The SNS is one of those unique facility where, while the major area of study will be using the neutrons as a probe to study condensed matter/material science properties, the FNPB will study fundamental properties of the neutron itself.
"While other beam lines use neutrons as a probe to study materials, the object for much of the work proposed at the FNPB is the study of the neutron itself," said University of Tennessee Professor Geoffrey Greene, who holds a Joint Faculty Appointment with ORNL and who leads the FNPB project. "Among the questions that will be addressed at the FNPB are the details of the internal structure of the neutron as well as a careful study of the way in which the free neutron decays. Such experiments have important implication for fundamental questions in particle physics and cosmology."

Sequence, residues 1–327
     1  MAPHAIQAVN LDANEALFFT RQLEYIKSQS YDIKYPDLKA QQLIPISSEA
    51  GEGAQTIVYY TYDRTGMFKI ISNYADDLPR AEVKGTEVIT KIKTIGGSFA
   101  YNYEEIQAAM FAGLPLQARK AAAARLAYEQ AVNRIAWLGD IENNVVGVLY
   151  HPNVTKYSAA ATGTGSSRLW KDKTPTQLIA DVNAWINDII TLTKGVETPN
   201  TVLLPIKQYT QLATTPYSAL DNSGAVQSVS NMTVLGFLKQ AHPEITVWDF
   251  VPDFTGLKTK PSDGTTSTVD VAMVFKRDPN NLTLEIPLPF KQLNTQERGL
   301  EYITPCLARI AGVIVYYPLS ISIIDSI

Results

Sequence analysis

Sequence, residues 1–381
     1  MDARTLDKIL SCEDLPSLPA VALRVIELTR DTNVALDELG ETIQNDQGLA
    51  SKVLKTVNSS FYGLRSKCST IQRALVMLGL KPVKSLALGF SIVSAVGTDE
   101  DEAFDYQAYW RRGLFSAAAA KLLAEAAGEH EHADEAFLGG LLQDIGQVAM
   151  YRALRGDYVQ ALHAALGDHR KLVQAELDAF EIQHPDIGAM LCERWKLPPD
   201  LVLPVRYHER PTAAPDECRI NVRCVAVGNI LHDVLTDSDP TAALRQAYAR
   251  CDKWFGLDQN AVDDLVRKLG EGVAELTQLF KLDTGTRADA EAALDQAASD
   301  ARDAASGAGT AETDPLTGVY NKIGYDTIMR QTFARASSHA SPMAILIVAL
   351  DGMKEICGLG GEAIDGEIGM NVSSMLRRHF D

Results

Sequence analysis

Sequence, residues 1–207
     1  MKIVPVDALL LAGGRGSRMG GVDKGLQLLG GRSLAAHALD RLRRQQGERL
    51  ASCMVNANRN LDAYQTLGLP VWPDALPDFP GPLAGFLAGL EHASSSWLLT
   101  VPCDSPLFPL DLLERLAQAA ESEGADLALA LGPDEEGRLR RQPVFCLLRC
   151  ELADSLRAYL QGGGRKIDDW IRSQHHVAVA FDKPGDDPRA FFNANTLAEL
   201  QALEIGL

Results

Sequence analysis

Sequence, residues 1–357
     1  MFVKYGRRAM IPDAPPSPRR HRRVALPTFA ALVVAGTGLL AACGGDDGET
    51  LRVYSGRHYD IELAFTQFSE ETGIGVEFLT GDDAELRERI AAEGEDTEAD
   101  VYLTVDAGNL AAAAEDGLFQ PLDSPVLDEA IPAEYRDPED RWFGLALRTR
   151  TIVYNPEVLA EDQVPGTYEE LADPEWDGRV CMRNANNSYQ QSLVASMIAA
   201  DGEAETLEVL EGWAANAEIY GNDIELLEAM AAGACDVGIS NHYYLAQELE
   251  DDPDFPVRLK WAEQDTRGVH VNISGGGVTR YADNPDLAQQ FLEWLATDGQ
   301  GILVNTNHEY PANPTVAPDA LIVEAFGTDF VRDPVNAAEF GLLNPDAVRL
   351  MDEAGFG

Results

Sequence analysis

Greene explained that neutrons, which have no electric charge, may nevertheless have a slight displacement between internal positive and negative charges. The existence of such a "neutron electric dipole moment" could shed light on what happened in the early phases of the Big Bang. In particular it could help to explain why the universe appears to be made entirely of matter without any antimatter, he said.
Luckily, the catastrophic-scenario wackos haven't heard of it and can't understand it enough to create any noise.